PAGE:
Eliezer is popularizing his beliefs, not directly through his own writings, but by attracting people (such as conference speakers and this comment writer who is currently writing a general-audience book) who promote understanding of issues such as intelligence explosion, unfriendly AI and cryonics.

Eliezer is obviously not neurotypical. The non-neurotypical have a tough time making arguments that emotionally connect. Given that Eliezer has a massive non-comparative advantage in making such arguments we shouldn't expect him to spend his time trying to become slightly better at doing so.

Eliezer might not have won the backing of people such as super-rationalist self-made tech billionaire Peter Thiel had Eliezer devoted less effort to rational arguments.

comment by FAWS · 2010-08-18T15:37:27.694Z · score: 1 (1 votes) · LW(p) · GW(p)

Given that Eliezer has a massive non-comparative advantage in making such arguments we shouldn't expect him to spend his time trying to become slightly better at doing so.

Do you mean comparative disadvantage? Otherwise I can't make sense of what you are trying to say. Not that I'd agree with that anyway, Eliezer is very good rhetorically, and I'm suspicious of psychological diagnoses performed over the internet.

comment by James_Miller · 2010-08-18T15:44:55.862Z · score: 2 (2 votes) · LW(p) · GW(p)

By "massive non-comparative advantage" I meant he doesn't have a comparative advantage.

I have twice talked with Eliezer in person, seen in person a few of his talks, watched several videos of him talking and for family reasons I have read a huge amount about the non-neurotypical.

comment by FAWS · 2010-08-18T16:07:54.580Z · score: 2 (2 votes) · LW(p) · GW(p)

By "massive non-comparative advantage" I meant he doesn't have a comparative advantage.

??? So you mean he has a massive absolute advantage, but is also so hugely better at other things compared to normal people it's still not worth his time??? Or does that actually mean that he has an absolute advantage of unspecified size, that happens to be very much non-comparative? What someone only vaguely familiar with economic terminology like me might call a "massively non-comparative advantage"?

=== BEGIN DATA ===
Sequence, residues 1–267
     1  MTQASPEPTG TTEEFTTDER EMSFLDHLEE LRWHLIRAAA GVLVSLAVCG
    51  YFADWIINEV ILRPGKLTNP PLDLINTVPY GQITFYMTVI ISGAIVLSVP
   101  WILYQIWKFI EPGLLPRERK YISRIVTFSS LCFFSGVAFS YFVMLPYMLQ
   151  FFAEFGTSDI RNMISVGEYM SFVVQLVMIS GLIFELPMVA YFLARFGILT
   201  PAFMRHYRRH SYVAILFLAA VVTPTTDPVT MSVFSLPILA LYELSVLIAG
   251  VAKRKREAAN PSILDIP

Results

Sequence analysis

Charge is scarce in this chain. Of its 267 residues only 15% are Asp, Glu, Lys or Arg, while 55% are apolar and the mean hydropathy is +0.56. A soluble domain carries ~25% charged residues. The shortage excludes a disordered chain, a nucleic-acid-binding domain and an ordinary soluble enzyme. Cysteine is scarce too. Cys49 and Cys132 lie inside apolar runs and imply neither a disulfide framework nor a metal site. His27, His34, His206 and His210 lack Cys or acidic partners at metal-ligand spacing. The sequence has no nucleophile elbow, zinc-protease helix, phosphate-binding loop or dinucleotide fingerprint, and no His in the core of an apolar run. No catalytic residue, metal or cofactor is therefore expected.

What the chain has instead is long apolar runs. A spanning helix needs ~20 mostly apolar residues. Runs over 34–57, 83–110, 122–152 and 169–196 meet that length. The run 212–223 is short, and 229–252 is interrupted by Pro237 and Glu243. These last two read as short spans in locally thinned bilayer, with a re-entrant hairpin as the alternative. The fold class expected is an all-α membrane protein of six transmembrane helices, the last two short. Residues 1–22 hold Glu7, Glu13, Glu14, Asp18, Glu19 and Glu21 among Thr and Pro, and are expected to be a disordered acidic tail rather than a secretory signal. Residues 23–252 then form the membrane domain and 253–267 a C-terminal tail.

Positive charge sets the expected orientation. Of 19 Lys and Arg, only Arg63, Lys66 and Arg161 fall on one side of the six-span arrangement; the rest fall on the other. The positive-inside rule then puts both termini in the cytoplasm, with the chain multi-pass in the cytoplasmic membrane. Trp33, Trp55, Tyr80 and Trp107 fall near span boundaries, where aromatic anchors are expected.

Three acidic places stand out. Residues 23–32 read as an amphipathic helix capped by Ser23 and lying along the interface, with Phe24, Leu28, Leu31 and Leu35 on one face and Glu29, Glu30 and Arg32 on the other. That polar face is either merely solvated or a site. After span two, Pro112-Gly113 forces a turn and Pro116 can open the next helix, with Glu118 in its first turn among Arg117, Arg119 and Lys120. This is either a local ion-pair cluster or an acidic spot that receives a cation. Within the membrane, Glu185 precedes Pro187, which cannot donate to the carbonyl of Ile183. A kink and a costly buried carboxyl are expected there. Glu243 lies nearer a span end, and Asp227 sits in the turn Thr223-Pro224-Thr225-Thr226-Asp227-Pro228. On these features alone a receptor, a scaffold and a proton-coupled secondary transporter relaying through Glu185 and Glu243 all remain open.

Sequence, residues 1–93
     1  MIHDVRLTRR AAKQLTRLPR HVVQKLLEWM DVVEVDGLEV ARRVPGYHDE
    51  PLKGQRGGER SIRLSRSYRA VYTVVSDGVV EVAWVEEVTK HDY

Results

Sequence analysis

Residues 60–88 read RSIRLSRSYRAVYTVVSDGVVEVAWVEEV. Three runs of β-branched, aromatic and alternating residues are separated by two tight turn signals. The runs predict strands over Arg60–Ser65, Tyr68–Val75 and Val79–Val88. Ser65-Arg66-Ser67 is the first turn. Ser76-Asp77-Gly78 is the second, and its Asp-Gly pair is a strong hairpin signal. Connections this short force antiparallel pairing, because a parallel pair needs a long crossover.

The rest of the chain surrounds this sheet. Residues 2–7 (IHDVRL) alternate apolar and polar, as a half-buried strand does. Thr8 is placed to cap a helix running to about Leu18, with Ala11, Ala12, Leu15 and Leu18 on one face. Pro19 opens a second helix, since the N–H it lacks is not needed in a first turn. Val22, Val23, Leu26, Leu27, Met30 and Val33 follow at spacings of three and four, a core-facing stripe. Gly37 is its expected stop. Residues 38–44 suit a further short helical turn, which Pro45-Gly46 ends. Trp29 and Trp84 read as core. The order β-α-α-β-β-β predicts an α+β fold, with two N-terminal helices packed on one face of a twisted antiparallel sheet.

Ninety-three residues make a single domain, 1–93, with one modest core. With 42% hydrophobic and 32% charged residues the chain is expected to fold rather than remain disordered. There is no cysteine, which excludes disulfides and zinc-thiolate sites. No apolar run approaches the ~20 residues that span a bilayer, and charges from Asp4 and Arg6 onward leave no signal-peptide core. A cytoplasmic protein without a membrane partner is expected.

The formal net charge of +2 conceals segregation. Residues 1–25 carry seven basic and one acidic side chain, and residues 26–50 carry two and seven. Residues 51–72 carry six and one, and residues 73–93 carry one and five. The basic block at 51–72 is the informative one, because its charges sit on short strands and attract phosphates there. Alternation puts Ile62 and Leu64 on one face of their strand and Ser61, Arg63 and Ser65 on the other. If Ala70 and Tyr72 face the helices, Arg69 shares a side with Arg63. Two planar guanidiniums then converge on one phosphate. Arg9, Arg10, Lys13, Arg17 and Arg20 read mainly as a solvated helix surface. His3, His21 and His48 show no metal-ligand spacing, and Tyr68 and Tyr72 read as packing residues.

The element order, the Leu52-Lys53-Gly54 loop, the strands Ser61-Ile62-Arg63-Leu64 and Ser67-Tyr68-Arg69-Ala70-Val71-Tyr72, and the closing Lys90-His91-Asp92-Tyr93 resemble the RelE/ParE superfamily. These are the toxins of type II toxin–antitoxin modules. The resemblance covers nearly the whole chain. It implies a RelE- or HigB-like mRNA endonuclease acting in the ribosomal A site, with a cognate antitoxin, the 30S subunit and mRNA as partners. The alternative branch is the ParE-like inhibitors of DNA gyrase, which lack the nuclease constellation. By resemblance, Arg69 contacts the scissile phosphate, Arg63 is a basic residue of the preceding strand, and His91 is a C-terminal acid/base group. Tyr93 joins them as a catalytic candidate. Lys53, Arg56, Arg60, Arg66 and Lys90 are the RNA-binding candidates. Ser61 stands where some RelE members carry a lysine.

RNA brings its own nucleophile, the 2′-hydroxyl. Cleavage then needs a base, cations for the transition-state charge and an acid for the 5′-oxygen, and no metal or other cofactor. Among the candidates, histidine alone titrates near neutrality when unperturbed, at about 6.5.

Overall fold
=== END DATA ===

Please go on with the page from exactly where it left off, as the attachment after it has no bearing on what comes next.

comment by JoshuaZ · 2010-08-15T16:28:32.509Z · score: 7 (11 votes) · LW(p) · GW(p)

I disagree strongly with this post. In general, it is a bad idea to refrain from making claims that one believes are true simply because those claims will make people less likely to listen to other claims. That direction lies the downwards spiral of emotional manipulation, rhetoric, and other things not conducive to rational discourse.

Would one under this logic encourage the SIAI to make statements that are commonly accepted but wrong in order to make people more likely to listen to the SIAI? If not, what is the difference?

comment by multifoliaterose · 2010-08-15T17:26:31.231Z · score: 6 (8 votes) · LW(p) · GW(p)

I believe that there are contexts in which the right thing to do is to speak what one believes to be true even if doing so damages public relations.

These things need to be decided on a case-by-case basis. There's no royal road to instrumental rationality.

As I say here, in the present context, a very relevant issue in my mind is that Eliezer & co. have not substantiated their most controversial claims with detailed evidence.

It's clichéd to say so, but extraordinary claims require extraordinary evidence. A claim of the type "I'm the most important person alive" is statistically many orders of magnitude more likely to be made by a poser than by somebody for whom the claim is true. Casual observers are rational to believe that Eliezer is a poser. The halo effect problem is irrational, yes, but human irrationality must be acknowledged, it's not the sort of thing that goes away if you pretend that it's not there.

I don't believe that Eliezer's outlandish and unjustified claims contribute to rational discourse. I believe that Eliezer's outlandish and unjustified claims lower the sanity waterline.

To summarize, I believe that in this particular case the costs that you allude to are outweighed by the benefits.

comment by timtyler · 2010-08-15T18:03:07.305Z · score: 3 (7 votes) · LW(p) · GW(p)

Come on - he never actually claimed that.

Besides, many people have inflated views of their own importance. Humans are built that way. For one thing, It helps them get hired, if they claim that they can do the job. It is sometimes funny - but surely not a big deal.

comment by timtyler · 2010-08-15T16:32:54.818Z · score: 2 (4 votes) · LW(p) · GW(p)

It seems as though the latter strategy could backfire - if the false statements were exposed. Keeping your mouth shut about controversial issues seems safer.

comment by Jonathan_Graehl · 2010-08-16T21:37:42.009Z · score: 0 (0 votes) · LW(p) · GW(p)

To the extent that people really want what you argue against, perhaps they should pursue an alternate organization than SIAI that promotes only the more palatable subset. I agree with you that somebody should be making all the claims, popular or not, that bear on x-risk.

comment by multifoliaterose · 2010-08-15T17:13:59.620Z · score: 0 (0 votes) · LW(p) · GW(p)

I believe that there are contexts in which the right thing to do is to speak what one believes to be true even if doing so damages public relations.

These things need to be decided on a case-by-case basis. There's no royal road to instrumental rationality.

As I say here, in the present context, a very relevant issue in my mind is that Eliezer & co. have not substantiated their most controversial claims with detailed evidence.